50 years of electric power generation come to an end for Palisades - Herald Palladium

50 years of electric power generation come to an end for Palisades – Herald Palladium

TWP cover. The Palisades nuclear power plant was shut down for the last time on May 20, ending half a century of providing electricity to energy consumer customers.

Now, the daunting task of removing fuel and decommissioning the large plant and its surrounding buildings begins.

Florida-based Holtec International, a leading nuclear power plant decommissioning company, will purchase the Palisades facility in July to begin the process of safely storing spent nuclear fuel in dry drums at the plant site, then dismantle and remove the Palisades reactor and other buildings on the property. It is approximately 430 acres off the Blue Star Highway.

“The timeline is roughly 19 years,” said Pat O’Brien, Holtec’s Senior Director of Government Affairs and Communications.

The company plans to hire 260 current Palisades employees to move the entire amount spent to dry storage first into drums on a closed concrete pad, a process that is expected to last 3 years. The plant and property would then remain idle for approximately 10 years to allow the financial growth of a trust set aside to pay for the decommissioning of Palisades. As of March, Holtech reported that it had set aside $539 million in its Palisades Trust Fund for Nuclear Decommissioning.

Sometime around 2035, the shutdown will continue over the next six years with demolition of the reactor and other buildings, proper disposal of any components used in the nuclear power process, proper removal of any pollutants on the property, and restoration of the 430-acre site. To allow for future development.

“Nineteen years may seem like a long time, but with other stations being shut down, the process can take even longer,” O’Brien said.

The cost of decommissioning the reactor facility could cost anywhere from $280 to $600 million, according to the Nuclear Regulatory Authority. The funds are used to cover the costs of burying radioactive waste and the correct handling, storage and control of spent fuel.

According to O’Brien, the security fence and security force will remain in place as long as the barrels remain in position. Palisades officials reiterated Holtec’s commitment to monitoring dry drum rigs.

“The fuel used will remain secured on site, under guard, monitored during shutdown and shutdown activities, and subject to NRC oversight until it is removed by the US Department of Energy, in accordance with its legal obligations,” the company said in a news release. Release.

What will happen to the Palisades property after 19 years is anyone’s guess. A number of South Haven residents wondered aloud if a new power plant could be built there.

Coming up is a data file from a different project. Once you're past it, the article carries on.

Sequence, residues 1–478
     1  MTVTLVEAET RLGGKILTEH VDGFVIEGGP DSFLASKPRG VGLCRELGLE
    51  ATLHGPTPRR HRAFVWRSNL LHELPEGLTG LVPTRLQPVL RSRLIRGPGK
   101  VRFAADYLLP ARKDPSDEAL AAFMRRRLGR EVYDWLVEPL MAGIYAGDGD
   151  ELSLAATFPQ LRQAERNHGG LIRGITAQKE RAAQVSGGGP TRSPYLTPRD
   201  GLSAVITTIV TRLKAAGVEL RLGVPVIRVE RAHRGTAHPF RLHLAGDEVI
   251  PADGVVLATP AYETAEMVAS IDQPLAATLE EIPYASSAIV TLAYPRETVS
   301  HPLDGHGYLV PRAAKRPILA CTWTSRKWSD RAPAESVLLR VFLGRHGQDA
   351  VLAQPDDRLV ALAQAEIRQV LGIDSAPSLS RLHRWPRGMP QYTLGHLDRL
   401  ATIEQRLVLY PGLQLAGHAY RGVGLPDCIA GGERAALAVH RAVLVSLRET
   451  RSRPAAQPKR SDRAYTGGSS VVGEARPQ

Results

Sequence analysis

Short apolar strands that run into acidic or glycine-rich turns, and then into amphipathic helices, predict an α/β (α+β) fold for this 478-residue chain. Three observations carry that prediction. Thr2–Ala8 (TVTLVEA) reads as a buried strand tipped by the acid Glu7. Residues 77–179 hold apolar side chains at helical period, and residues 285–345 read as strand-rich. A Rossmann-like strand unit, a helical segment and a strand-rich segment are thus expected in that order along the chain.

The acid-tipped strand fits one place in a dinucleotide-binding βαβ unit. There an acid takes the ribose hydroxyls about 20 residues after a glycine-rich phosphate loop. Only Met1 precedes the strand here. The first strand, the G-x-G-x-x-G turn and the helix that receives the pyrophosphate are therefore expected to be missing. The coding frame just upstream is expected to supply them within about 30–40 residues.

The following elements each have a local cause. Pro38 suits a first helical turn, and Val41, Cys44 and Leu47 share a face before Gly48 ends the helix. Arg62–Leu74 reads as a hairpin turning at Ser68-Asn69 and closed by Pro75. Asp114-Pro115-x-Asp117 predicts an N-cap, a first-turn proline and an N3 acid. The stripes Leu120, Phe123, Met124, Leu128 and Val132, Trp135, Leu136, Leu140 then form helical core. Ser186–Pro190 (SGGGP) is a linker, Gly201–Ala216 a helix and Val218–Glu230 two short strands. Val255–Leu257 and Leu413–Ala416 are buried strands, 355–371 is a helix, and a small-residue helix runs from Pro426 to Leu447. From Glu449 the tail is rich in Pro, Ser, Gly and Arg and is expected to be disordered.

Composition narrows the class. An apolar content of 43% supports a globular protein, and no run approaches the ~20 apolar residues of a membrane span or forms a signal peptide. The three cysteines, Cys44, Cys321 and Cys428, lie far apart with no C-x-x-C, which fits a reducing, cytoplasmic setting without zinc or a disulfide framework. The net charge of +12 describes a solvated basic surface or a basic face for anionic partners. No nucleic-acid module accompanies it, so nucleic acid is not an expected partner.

That’s a possibility, O’Brien said. Holtec is considering building a small reactor plant at the site of the closed Oyster Creek Nuclear Power Plant in New Jersey. The Holtec small modular reactor is currently in the testing phase.

Closing the barriers is a “commercial decision”

Entergy Corp., which has owned the Palisades plant since 2007, made the decision in 2017 to begin the process of shutting down the old plant.

“It was a business decision,” said Daryl Corbin, Vice President of Palisades. Since Palisades is a “commercial” power plant, the sale of its fuel is put up on the open market for companies to bid on. In 2016, Entergy was unable to reach a suitable purchase price agreement from Consumer Energy for power generation beyond 2022.

“The closure of Palisades coincides with the expiration of the 15-year power purchase agreement with Consumers Energy, which was a condition for the purchase of Palisades in 2007,” Energy officials said in a press release. “The Palisades sale will complete Entergy’s planned exit from the nuclear power business, following the closure and sale of the Vermont Yankee, Pilgrim and Indian Point plants and the sale of the working James A. Fitzpatrick plant.”

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For half a century, the Palisades has employed a workforce of 600 at any one time (more during refueling outages), contributed millions of tax dollars to local government units, and was a generous sponsor of many non-profit groups.

The plant shut down May 20 after generating electricity for 577 days since last refueling — a world record location and production for a plant of this type, according to Entergy officials. The plant continues to be ranked #1 in the US Nuclear Re-Governance Commission’s safety category, and is considered by its peers to be one of the best performers in the industry.

For Corbin, it was the Palisades who made it all possible.

“This is the legacy of the Palisades,” he said. “The factory is where a group of people came together to make Palisades special. Everyone here is a leader.”

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